This month, Garden Design magazine featured two edible landscapes, highlighting the growing connections between designers and sustainable food projects. The projects fall at opposite ends of the spectrum of scale, goals and character, and indicate the potential for integrating agriculture into diverse project types.
[The Edible Garden at the Atlanta Botanical Gardens]
[The Herb Wall at the Atlanta Botanical Gardens]
At the Atlanta Botanical Garden an abandoned parking lot has been transformed into the Edible Garden and Outdoor Kitchen as part of the Garden's recent expansion. Their goals include:
"Showcasing the farm-to-table concept of cultivating and consuming fresh, local and sustainably-grown food, the $2 million Edible Garden project not only returns the 1-acre asphalt parking lot to green space but also demonstrates that fruits and vegetables make beautiful landscape plants."
As described in Garden Design, an orchard of crabapples marks the entrance to the garden, which features a "vegetable ampitheater" of raised, terraced beds, a walkway lined with espaliered fruit trees and a 55-foot long curved herb wall. Produce is harvested by local chefs and used in on-site cooking classes featuring dishes like farro, bok choy and pureed beets, and donated to local charities.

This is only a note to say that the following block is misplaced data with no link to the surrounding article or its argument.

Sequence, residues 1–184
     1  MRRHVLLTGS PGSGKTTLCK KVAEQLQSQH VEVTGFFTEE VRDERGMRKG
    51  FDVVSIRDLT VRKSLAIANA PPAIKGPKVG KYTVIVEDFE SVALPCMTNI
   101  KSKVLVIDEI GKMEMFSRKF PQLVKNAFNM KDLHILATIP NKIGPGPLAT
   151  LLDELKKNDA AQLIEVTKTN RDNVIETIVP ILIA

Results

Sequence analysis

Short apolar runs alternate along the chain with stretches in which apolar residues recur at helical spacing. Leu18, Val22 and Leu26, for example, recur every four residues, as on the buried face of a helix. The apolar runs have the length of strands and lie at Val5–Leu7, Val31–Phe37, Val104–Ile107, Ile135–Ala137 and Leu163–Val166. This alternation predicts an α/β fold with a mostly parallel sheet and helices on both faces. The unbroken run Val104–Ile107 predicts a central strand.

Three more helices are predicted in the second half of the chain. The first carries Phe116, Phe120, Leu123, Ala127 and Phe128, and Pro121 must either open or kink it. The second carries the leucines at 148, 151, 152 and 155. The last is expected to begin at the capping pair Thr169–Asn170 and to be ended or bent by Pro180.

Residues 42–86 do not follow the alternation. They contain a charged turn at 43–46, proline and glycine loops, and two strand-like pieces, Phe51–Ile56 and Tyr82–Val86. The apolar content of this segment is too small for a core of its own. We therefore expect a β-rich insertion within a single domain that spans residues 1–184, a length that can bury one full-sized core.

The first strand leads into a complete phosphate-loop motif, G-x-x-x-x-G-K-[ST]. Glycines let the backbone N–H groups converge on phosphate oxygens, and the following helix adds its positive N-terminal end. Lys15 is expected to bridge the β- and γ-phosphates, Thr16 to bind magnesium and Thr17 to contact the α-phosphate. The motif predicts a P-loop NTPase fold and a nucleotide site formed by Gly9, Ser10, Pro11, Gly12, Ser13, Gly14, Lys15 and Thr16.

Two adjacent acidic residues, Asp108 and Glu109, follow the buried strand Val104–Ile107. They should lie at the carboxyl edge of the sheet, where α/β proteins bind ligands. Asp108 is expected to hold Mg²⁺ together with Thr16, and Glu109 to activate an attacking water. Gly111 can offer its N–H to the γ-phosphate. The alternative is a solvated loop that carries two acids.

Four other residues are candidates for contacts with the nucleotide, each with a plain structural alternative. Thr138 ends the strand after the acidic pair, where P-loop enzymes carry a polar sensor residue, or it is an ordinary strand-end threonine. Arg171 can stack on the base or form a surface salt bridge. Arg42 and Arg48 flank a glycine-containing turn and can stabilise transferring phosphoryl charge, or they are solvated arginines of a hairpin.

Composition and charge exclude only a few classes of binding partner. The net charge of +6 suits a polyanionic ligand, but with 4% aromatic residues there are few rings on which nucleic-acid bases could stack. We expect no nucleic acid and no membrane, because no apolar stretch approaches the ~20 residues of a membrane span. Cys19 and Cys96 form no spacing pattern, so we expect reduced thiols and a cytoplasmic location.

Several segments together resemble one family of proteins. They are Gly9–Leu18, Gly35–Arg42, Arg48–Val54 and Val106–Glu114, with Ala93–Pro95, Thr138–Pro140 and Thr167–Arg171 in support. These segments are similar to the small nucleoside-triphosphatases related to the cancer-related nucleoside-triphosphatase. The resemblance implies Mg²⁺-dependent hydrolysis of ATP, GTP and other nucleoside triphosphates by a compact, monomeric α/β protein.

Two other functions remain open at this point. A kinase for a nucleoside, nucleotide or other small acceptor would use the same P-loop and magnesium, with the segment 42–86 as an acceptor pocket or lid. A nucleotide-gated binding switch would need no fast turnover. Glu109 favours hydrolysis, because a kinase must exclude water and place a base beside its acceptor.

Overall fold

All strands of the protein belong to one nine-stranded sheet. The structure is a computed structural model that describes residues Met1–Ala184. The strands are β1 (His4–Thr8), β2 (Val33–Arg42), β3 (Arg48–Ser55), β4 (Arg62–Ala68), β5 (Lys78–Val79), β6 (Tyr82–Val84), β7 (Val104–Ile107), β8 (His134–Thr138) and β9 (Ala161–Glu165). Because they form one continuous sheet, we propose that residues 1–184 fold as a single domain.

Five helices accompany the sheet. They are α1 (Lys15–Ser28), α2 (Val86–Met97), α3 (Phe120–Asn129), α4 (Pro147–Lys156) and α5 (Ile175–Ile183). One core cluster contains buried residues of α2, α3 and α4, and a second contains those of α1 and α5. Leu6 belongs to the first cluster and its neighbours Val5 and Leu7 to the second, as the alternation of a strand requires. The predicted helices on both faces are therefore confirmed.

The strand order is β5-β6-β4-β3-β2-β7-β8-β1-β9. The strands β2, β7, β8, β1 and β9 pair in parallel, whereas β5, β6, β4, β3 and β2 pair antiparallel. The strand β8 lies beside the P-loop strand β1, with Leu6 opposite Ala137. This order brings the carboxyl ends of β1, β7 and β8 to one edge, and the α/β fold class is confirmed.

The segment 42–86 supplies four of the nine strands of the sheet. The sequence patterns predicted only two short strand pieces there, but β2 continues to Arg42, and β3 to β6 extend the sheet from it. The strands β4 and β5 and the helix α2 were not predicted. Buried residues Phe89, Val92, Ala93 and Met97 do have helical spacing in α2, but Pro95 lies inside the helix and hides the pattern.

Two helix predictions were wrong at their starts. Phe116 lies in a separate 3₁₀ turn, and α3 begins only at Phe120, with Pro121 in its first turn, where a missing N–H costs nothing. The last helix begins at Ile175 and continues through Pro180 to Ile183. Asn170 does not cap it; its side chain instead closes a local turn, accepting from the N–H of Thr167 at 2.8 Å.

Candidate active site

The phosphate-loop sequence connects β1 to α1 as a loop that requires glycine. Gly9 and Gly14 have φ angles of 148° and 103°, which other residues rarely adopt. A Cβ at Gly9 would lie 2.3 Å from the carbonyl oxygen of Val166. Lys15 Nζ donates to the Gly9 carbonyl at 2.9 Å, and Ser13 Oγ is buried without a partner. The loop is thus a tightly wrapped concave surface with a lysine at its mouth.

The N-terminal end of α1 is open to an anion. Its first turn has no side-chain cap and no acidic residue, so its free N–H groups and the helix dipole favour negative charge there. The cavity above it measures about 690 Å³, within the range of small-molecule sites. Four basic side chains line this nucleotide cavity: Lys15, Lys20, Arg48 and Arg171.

[MIX Gardens potager garden]
Across the country, on a private estate in Sonoma, California, a collaboration between a landscape designer, Mick Kopetsky of MIX Garden, and his client, a trained chef, resulted in a 2/3 acre kitchen garden, an orchard of olive trees yielding 10 gallons of oil a year and a vineyard of Syrah grapes. An exploration of equal parts design and farming, the resulting garden is beautiful and bountiful - extra produce is sold to local restaurants and caterers.